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Dr. Michael Hay

When he was growing up, Michael Hay, associate professor of chemistry, wanted to be the first man on Mars.

Though he never made it to outer space, he did go into the family business. “My mom and dad were teachers. Both of my sisters are teachers,” he said. “I used to say, ‘I’ll never be a teacher.’ But here I am.”

So what changed Hay’s mind?

For his undergraduate degree, Hay majored in chemistry. He decided to go to graduate school, but four years into the program, he quit.

“If you don’t have a vision of what you want to do, it’s easier to quit. That’s what happened to me,” Hay said.

“I started to do some soul searching. I read books and prayed.”

When he was in his mid-20s, Hay came to the conclusion that he wanted to teach. After all the years of saying he never wanted to be a teacher, he realized that’s exactly what he wanted to do.

So, what brought him to Penn State Beaver?

“In the fall of 1999 they offered me a job. There are very limited chemistry jobs,” he said. Plus, Penn State Beaver is close to his hometown of Cleveland, Ohio.

“I love it here. It’s a great place to teach,” Hay said. “You get a wide range of students. You have the challenge of inspiring the students who don’t want to be here. You have the perks of working at Penn State University.”

According to Hay, Penn State Beaver is a special place because students can spend two years at a small campus before moving on to Penn State University Park or another Penn State location.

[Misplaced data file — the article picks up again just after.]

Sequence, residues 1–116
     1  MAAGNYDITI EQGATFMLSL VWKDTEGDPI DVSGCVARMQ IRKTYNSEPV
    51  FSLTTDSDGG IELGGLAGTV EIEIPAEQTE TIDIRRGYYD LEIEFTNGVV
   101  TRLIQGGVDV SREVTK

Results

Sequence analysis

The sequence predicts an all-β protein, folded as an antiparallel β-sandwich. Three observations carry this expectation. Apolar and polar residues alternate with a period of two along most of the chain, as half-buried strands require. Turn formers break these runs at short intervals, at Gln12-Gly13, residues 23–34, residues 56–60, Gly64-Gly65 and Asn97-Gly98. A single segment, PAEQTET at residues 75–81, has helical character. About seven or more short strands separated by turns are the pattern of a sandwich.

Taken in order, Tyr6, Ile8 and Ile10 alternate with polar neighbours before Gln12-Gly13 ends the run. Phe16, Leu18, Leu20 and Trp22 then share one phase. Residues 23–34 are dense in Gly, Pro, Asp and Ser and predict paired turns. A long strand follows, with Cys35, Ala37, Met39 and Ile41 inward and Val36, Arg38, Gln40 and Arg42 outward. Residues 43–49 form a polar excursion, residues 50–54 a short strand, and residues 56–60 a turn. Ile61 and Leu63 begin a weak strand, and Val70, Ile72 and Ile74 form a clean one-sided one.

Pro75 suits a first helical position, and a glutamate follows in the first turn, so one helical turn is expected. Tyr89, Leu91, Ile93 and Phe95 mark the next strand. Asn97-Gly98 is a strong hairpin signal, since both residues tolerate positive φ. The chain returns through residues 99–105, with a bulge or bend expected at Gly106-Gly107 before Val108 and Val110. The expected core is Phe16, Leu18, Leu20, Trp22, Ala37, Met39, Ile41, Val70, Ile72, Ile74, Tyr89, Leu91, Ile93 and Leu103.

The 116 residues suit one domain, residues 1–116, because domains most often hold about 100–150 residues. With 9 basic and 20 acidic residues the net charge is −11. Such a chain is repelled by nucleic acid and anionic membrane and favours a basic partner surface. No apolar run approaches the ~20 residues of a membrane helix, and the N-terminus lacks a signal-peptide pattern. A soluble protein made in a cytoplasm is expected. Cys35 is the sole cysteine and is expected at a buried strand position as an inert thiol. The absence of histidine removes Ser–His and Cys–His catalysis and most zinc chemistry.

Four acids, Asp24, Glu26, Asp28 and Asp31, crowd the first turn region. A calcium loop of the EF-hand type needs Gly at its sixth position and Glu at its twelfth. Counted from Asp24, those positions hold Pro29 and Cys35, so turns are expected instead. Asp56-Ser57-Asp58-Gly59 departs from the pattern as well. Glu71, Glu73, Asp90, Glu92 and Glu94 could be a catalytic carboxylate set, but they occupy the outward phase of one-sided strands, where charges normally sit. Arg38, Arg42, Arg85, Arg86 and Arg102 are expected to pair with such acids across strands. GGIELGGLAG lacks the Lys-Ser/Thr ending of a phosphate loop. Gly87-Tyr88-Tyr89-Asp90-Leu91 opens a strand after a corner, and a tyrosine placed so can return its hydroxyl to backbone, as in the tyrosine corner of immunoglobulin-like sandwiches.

“You don’t have that opportunity at other universities. If students need help, faculty can pursue students, and students can pursue faculty,” Hay said.

“I recommend any student start at a commonwealth campus. Take the small classes at Beaver for two years, and you’ll have smaller classes at State College your junior and senior years,” he said.

Small classes aren’t the same as easy classes, however.

“Be ready to do work. I am demanding,” Hay said. “But you’ll soon realize the hard work you put into a grade really paid off. I’ve gotten letters and emails from former students thanking me for showing them how to work.”

Outside of Penn State Beaver, Hay is actively involved with his church. But most importantly, he loves spending time with his wife and two children, Ahnika and Aiden.

“Just like any other professor, I work 45 to 50 hours a week, but the evenings and weekends are devoted to my family,” Hay said.

 

Doctorate
Chemistry, University of Illinois at Urbana-Champaign

Master’s Degree
Chemistry, University of Illinois at Urbana-Champaign

Bachelor’s Degree
Chemistry, Bowling Green State University

Focus
Chemical spills
Environmental issues
Chemistry or biochemistry in the news